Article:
- AY#333 The movement of opposition, Alexander Yanai Vol 7
- Reel 23, Track 1, Lesson 1
- Duration of the recording: 45 minutes
- Clarification of some topics in Lesson 3 in ATM, “Fundamental Properties”
- Lying face up, lift head (chin to neck, away from neck), R arm, R leg; all together. Focuses on the relationship between the spine moving backwards as any part is lifted forwards. Sitting, take head forwards and feel what goes backwards in the back, and how the abdomen contracts, to do this. Review the five cardinal lines and Standing, find the same principles, including the movement of the head as you lift the arm and leg (also taking the crown of the head backwards, feel how the spine moves forwards). Find the same principle with each step in walking. (Talks about how you can then go find this relationship in moving up and down stairs.) Lots of lecture:
- Lie face up, arms and legs extended; lift the head with chin towards the throat, away from the throat, backwards–what part of the back presses into the ground?
- Extend R arm overhead, and lift it: part of the shoulder blade near the spine again does an opposite movement.
- Lift R leg. Similarly the upper part of the pelvis, the small ribs move in the opposite direction, towards the floor.
- Lift R arm, leg, head together. Lifting the head makes it easier, the whole spine glues to the floor: the spine must move L to lift all the R.
- Sit, however, and take the head forwards: the back must go backwards. (Needle image; contract the stomach muscles.) Take the back of the head backwards, and see how this pushes the spine forwards.
- Stand, monkey fashion. Take face, chin forwards (not head backwards). Stomach muscles contract, back goes backwards. Then imagine someone pulls you up by the hairs of the crown of your head; your hips go forwards.
- Long lecture/development of the five lines, lying face up.
- Muscle attachments: back of the head so it doesn’t fall forwards. But then it pulls at the other end, or the neck or back. This is proportionate to weight, so the lighter head displaces more and the heavier back less.
- Lift the head.
- More lecture: Now you have the muscles in front connected, somewhere, and the same principle: the stick (of the spine) must move backwards somewhere when you lift the head. But we don’t have a stick, we have a series of balls with little muscles between them (the spine) and so it doesn’t go as expected. The muscles around the spine must form it into something like a stick, in the right way, to organize the structure for the movement.
- Extend R arm overhead and lift: see, the arm is much lighter than the chest to which everything attaches, so this is relatively easy.
- Lift the R leg: now this is harder; the leg is heavy; the lordosis increases. So something must fix the chest to the pelvis to make the body heavier. Spine, chest, pelvis must press into floor.
- Extend R arm overhead and lift R arm, R leg, head. This large movement brings all these ideas together, and this is easy.
- Same thing in standing. Take R arm forward, R leg forward, and see if it doesn’t help to take the back backward.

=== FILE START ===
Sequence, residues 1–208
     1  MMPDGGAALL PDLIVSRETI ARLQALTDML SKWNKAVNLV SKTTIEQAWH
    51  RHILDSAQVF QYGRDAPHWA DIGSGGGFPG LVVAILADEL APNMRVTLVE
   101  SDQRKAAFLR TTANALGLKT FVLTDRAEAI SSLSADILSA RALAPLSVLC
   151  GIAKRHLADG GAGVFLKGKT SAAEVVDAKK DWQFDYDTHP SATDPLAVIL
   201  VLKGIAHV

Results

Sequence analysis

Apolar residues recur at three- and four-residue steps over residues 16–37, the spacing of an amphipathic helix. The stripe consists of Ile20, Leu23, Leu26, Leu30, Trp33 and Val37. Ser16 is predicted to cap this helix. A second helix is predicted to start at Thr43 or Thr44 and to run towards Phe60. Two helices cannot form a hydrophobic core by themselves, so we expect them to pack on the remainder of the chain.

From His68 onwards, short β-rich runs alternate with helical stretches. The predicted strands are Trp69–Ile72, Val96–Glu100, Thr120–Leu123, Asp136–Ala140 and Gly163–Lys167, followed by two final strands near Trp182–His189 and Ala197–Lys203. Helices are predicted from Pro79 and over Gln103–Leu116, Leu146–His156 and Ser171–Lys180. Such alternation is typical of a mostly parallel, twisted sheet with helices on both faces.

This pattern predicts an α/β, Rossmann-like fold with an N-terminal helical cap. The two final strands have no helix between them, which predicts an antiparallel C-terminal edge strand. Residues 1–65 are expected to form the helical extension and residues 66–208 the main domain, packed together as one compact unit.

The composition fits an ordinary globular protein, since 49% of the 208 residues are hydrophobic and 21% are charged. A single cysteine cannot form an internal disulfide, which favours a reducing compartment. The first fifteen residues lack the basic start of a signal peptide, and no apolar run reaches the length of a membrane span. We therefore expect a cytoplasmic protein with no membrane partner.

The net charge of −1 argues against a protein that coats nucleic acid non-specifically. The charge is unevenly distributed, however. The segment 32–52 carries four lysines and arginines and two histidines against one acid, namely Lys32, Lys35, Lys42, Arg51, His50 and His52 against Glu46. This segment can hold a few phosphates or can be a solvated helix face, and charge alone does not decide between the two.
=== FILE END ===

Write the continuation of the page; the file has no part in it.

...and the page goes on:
- Try the opposite.
- Then notice the head: face forward, lordosis smaller, limbs light to life forward.
- Feel this with the hand on the stomach. Of course you can do the opposite, you can make movements that aren’t consistent with the action, like an actor lifting a piece of paper as though it weighed a ton.
- Rest on the floor.
- Standing, now lift the arm and leg and take a step (taking the whole body backwards to do this). Like sitting to walk. Talk about lightness, reversibility, a hunting dog, dancers…the beauty of a body we want to watch preforming.
- Consider trying this going up and down the stairs. At first you exaggerate, but then you do it just as much as is needed and no more.
Focus of Moshe’s Teaching
- “We do these things so as to understand a bit of the foundation of what we are doing, so that it will be possible to derive more benefit from the other lessons we are doing.”
- When a muscle contracts, it pull the two attachments towards one another; the heavier will move less. So to lift a long and heavy leg (for example) you have to fix the pelvis to the chest so the leg lifts and not the lower back–the lower back moves opposite, towards the floor and away from the leg.
- We start with the basic stick figure, but the spine is not a stick: it is more like a string of balls, and the muscles around the spine must fix these balls one to the other to make them like a stick in action. We will gradually make this picture more complex as we approximate the self-image to the real human body, but the idea of the muscles deep to the spine acting to make the spine like a stick is our first approximation.
- Reversibility in walking.
- Audio recording by Sharon Starika available at: http://sharonstarika.com/workshops/online-workshops/weekly-classes/mid-back-thoracic-spine/
Share Your Insights (ideas, principles, strategies, experiences, …)
- Add your thoughts about the lesson here.
- Please sign your comments
- Differing viewpoints are welcome and desired!
Disclaimer: This site is for sharing information about Feldenkrais® Awareness Through Movement® lessons. The information included on this site is for educational purposes only. Nothing on Feldy Notebook should be construed as an attempt to offer medical advice or treatment.
All contributions to this website are licensed under the Creative Commons Attribution Share-Alike 3.0 License. Do not add any copyrighted information to this website. Feldy Notebook is sponsored by Kinetic Inquiry.